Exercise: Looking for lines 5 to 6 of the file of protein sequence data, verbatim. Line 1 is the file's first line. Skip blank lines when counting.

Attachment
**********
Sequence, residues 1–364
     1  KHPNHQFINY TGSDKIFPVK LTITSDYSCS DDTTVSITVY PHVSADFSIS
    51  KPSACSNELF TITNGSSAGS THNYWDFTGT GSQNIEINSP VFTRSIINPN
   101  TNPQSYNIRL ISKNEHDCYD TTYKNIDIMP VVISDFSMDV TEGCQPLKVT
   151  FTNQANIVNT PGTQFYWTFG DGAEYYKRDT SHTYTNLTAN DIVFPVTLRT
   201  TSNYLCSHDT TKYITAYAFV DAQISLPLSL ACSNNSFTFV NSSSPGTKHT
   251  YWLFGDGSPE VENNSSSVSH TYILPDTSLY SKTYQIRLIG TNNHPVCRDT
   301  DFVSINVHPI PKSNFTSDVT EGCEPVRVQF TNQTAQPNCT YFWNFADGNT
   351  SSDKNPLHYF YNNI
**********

   151  FTNQANIVNT PGTQFYWTFG DGAEYYKRDT SHTYTNLTAN DIVFPVTLRT
   201  TSNYLCSHDT TKYITAYAFV DAQISLPLSL ACSNNSFTFV NSSSPGTKHT